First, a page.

Document Type

Article

Date Information

2017-09-07

Publication Date

9-7-2017

Department

Department of Biology

Abstract

Heritable symbionts have been found to mediate interactions between host species and their natural enemies in a variety of organisms. Aphids, their facultative symbionts, and their potential fitness effects have been particularly well-studied. For example, the aphid facultative symbiont Regiella can protect its host from infection from a fungal pathogen, and aphids with Hamiltonella are less likely to be parasitized by parasitic wasps. Recent work has also found there to be negative fitness effects for the larvae of two species of aphidophagous lady beetles that consumed aphids with facultative symbionts. In both species, larvae that consumed aphids with secondary symbionts were significantly less likely to survive to adulthood. In this study we tested whether adult Harmonia axyridis and Hippodamia convergens lady beetles avoided aphids with symbionts in a series of choice experiments. Adults of both lady beetle species were as likely to choose aphids with symbionts as those without, despite the potential negative fitness effects associated with consuming aphids with facultative symbionts. This may suggest that under natural conditions aphid secondary symbionts are not a significant source of selection for predatory lady beetles.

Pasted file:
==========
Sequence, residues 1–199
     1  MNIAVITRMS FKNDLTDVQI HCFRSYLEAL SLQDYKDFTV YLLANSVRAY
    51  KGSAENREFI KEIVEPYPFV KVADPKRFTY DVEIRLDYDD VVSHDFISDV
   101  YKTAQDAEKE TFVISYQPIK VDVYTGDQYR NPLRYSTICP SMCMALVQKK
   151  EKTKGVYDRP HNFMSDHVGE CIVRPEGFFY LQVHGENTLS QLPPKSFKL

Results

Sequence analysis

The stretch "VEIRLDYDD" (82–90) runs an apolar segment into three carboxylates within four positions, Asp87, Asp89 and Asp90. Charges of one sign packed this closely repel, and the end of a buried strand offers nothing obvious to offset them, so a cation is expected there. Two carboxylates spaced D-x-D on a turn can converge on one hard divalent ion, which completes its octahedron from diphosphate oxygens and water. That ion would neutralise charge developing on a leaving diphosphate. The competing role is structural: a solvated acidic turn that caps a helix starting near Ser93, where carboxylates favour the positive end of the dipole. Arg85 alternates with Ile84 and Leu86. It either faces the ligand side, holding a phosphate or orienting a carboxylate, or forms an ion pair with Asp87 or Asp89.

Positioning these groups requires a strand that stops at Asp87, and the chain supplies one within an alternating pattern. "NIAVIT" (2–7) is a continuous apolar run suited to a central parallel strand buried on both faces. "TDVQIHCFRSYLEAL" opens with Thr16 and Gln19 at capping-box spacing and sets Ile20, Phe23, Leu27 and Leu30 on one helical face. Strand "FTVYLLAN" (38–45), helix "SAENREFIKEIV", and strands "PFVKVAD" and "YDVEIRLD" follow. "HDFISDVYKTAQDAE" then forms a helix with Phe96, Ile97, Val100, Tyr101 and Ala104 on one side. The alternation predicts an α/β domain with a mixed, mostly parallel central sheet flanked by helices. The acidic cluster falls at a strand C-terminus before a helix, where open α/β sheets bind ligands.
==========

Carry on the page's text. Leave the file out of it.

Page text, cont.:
DOI

10.1371/journal.pone.0184150

Source

PLoS ONE 12(9): e0184150

Creative Commons License

Creative Commons Attribution 4.0 License
This work is licensed under a Creative Commons Attribution 4.0 License.

Included in

Biology Commons

Share

COinS
 

Rights Statement

In Copyright